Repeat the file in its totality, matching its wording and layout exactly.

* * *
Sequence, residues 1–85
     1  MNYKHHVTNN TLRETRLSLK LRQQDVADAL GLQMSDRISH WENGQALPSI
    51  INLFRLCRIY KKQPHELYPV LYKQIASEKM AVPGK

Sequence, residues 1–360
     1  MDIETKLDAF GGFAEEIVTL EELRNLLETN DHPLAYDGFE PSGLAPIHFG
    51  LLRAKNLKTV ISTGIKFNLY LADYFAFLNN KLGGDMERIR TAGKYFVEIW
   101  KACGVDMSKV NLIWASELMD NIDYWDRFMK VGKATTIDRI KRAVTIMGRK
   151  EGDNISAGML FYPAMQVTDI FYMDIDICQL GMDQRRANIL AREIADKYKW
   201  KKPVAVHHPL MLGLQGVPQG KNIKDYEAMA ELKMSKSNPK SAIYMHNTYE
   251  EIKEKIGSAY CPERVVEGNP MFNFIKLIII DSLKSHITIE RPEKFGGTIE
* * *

Sequence, residues 1–85
     1  MNYKHHVTNN TLRETRLSLK LRQQDVADAL GLQMSDRISH WENGQALPSI
    51  INLFRLCRIY KKQPHELYPV LYKQIASEKM AVPGK

Sequence, residues 1–360
     1  MDIETKLDAF GGFAEEIVTL EELRNLLETN DHPLAYDGFE PSGLAPIHFG
    51  LLRAKNLKTV ISTGIKFNLY LADYFAFLNN KLGGDMERIR TAGKYFVEIW
   101  KACGVDMSKV NLIWASELMD NIDYWDRFMK VGKATTIDRI KRAVTIMGRK
   151  EGDNISAGML FYPAMQVTDI FYMDIDICQL GMDQRRANIL AREIADKYKW
   201  KKPVAVHHPL MLGLQGVPQG KNIKDYEAMA ELKMSKSNPK SAIYMHNTYE
   251  EIKEKIGSAY CPERVVEGNP MFNFIKLIII DSLKSHITIE RPEKFGGTIE